"Unquestionably, the concealment of material facts that one is, under the circumstances, bound to disclose may constitute actionable fraud. Indeed, one of the fundamental tenets of the Anglo-American law of fraud is that fraud may be committed by a supression of the truth (suppressio veri) as well as by the suggestion of falsehood (suggestio falsi). It is, therefore, equally competent for a court to relieve against fraud whether it is committed by suppression of the truth that is, by concealment or by suppression of falsehood." 37 Am. Jur. (2d). Fraud and Deceit, Sec. 144, p. 196 (1968).

We have no precedent in our decisions involving nondisclosure of an artificially created, and concealed, unstable condition of land sold. However, courts elsewhere, applying settled principles, have consistently found a duty to disclose in landfill cases on analogous facts. 37 Am. Jur. (2d), Fraud and Deceit, Sec. 160 (1968); Annot., 80 A.L.R. (2d) 1453 (1961), and supplementary material.

We are satisfied that the facts alleged in this complaint are sufficient to support an inference of fraudulent concealment; hence, to state a cause of action for fraud and deceit. The court erred in sustaining the first ground of demurrer.

The claim that distinct causes of action are improperly joined in the complaint is without merit. The only cause of action stated is for actual and punitive damages for the fraudulent concealment of a sub-surface defect in the lot sold to Mr. Lawson by the defendant. The measure of general damages in such a case, according to the prevalent "benefit of the bargain" rule, is the difference between the actual value of the lot at the time of the sale and the value that it would have had if the concealed defect had not existed. 37 Am. Jur. (2d), Fraud and Deceit, Sec. 353 (1968); Annot., 13 A.L.R. (3d) 875, 885 (1967). In addition, the purchaser is entitled to recover any special or *522 consequential damages which are the natural or proximate result of the seller's fraud. 37 Am. Jur. (2d), Fraud and Deceit, Sec. 362 (1968). Under the facts of this case these rules may be conveniently combined to evolve as the measure of damage for defendant's alleged fraud the difference between the value of the lot and improvements at the completion of the dwelling and the value they would have had if the land had been stable. Neither subsequent physical injury to the dwelling, nor expenditures for its repair or protection, as alleged in the complaint, raises a new cause of action. Nor are they recoverable as distinct elements of damage, although evidence thereof may be relevant to the ascertainment of depreciated value attributable to the soil defect. Horne v. Cloninger, 256 N.C. 102, 123 S.E. (2d) 112 (1961).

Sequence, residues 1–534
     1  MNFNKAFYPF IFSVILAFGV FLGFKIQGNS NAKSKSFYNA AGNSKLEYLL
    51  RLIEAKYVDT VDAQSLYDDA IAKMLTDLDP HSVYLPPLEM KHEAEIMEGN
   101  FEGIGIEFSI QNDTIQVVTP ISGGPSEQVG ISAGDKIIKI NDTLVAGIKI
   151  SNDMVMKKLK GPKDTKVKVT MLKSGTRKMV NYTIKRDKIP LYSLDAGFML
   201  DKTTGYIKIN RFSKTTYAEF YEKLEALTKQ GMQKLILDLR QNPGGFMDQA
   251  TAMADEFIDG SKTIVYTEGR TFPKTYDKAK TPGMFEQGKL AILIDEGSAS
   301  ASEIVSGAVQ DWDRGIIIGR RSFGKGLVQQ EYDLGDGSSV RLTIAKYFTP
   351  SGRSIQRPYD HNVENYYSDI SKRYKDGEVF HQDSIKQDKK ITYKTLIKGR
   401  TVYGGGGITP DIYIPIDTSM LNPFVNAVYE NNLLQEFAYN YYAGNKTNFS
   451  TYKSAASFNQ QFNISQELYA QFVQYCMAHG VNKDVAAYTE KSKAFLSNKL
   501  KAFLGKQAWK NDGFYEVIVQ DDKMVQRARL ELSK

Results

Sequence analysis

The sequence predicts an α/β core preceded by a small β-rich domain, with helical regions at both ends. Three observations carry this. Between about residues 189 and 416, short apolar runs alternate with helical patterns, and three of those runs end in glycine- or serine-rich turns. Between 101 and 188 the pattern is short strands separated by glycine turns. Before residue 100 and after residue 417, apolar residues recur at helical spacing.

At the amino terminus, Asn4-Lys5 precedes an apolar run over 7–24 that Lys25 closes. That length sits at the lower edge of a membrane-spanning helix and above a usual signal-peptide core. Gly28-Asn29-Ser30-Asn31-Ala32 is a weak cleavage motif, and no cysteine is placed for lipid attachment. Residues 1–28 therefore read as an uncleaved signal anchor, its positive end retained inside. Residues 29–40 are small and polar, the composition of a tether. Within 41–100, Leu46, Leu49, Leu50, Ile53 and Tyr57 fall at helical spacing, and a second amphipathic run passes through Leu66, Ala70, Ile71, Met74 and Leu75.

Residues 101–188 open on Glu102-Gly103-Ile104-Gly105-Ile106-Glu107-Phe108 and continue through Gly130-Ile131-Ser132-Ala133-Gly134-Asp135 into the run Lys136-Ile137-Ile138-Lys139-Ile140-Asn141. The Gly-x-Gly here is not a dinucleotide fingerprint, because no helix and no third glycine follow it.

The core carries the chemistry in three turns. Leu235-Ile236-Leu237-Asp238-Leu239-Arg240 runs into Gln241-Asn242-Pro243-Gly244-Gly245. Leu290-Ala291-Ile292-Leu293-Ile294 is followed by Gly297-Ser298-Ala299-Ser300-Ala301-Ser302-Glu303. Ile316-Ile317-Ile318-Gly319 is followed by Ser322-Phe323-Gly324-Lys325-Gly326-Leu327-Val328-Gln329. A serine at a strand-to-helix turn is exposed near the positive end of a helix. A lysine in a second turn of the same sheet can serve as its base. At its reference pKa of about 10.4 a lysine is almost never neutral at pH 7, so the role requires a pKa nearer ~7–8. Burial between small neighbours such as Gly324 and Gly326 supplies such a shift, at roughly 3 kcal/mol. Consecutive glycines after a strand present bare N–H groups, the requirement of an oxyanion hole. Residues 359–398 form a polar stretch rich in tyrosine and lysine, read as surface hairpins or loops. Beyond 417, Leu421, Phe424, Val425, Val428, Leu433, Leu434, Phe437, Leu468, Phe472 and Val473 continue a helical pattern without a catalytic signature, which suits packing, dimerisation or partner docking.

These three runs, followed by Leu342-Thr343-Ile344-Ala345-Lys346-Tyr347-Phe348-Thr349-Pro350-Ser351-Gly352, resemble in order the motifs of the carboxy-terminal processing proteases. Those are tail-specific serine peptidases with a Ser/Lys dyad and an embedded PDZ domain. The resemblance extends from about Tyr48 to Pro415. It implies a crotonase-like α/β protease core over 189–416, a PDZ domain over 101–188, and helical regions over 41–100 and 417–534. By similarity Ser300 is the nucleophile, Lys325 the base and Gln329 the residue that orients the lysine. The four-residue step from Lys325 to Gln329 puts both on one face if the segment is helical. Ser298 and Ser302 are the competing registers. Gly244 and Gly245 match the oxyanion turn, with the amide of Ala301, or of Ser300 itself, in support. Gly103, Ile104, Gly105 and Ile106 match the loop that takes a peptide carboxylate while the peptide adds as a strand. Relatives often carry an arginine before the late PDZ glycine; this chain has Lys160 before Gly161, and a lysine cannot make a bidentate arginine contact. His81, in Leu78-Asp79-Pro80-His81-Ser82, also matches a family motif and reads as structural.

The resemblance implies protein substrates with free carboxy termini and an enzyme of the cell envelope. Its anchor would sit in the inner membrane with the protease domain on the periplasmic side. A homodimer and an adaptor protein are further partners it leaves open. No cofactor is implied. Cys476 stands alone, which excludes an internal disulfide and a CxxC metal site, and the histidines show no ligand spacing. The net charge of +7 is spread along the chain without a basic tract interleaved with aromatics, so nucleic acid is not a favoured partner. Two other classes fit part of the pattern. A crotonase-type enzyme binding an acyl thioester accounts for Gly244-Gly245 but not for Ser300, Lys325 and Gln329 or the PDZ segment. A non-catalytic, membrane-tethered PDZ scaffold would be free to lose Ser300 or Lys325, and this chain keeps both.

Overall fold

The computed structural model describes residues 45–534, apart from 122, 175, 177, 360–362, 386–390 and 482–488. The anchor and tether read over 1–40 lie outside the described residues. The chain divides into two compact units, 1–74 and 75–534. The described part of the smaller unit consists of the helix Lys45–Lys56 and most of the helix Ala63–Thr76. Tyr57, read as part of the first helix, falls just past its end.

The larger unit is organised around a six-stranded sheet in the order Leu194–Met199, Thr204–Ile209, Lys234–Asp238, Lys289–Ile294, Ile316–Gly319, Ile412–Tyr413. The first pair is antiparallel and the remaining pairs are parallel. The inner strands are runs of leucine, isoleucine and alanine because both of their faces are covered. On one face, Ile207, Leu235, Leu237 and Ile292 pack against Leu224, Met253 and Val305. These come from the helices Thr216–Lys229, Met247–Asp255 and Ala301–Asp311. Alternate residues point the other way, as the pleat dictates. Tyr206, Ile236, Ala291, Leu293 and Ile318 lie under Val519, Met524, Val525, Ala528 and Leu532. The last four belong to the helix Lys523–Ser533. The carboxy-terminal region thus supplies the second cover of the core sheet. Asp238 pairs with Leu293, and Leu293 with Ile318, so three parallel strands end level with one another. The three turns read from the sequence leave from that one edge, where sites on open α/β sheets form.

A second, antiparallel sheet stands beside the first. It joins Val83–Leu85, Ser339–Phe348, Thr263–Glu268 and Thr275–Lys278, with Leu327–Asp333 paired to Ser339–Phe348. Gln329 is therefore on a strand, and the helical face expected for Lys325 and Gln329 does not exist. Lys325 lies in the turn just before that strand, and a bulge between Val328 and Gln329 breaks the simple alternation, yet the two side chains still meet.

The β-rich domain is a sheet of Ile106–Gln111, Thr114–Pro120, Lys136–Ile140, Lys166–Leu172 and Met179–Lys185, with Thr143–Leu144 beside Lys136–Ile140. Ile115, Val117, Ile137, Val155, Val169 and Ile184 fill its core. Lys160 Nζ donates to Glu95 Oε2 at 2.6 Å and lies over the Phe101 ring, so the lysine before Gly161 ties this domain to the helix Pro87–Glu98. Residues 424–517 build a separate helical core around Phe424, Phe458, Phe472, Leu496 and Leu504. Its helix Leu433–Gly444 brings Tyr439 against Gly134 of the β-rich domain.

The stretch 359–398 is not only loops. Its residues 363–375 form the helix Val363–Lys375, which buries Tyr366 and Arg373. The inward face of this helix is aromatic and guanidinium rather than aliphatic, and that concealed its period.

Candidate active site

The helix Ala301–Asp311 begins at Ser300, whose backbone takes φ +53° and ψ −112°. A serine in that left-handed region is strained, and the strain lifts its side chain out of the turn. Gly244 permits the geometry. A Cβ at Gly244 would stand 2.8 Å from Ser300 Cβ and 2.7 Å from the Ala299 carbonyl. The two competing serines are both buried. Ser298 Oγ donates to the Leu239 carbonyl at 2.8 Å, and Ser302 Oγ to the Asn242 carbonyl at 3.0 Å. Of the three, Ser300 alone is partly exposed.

The cause of action for general and special damages ripened in Mr. Lawson upon completion of the dwelling, and defendant's liability was unaffected by his subsequent conveyance of the premises. Louis Steinbaum Real Estate Co. v. Maltz, Mo., 247 S.W. (2d) 652, 31 A.L.R. (2d) 1052 (1952), and appended annotation. We need not inquire whether Mrs. Lawson is a proper party because defect of parties, not multiplicity, is ground for demurrer. Sec. 10-642(4), Code of 1962; Gibert v. Glenn, 159 S.C. 135, 156 S.E. 325 (1930). "Defect of parties, as the word imports, means too few, and not too many." Lowry v. Jackson, 27 S.C. 318, 321, 3 S.E. 473, 475 (1887).


MOSS, C.J., and LEWIS, BUSSEY and LITTLEJOHN, JJ., concur.